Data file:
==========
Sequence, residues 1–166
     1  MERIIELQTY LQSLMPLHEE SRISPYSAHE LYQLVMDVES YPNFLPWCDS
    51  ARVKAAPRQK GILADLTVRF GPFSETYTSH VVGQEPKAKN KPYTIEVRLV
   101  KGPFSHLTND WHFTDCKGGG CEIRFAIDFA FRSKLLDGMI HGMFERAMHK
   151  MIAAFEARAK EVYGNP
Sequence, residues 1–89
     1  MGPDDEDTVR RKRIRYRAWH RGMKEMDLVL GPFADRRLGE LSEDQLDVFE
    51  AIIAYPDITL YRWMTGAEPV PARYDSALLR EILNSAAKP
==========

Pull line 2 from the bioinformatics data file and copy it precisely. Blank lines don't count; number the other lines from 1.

     1  MERIIELQTY LQSLMPLHEE SRISPYSAHE LYQLVMDVES YPNFLPWCDS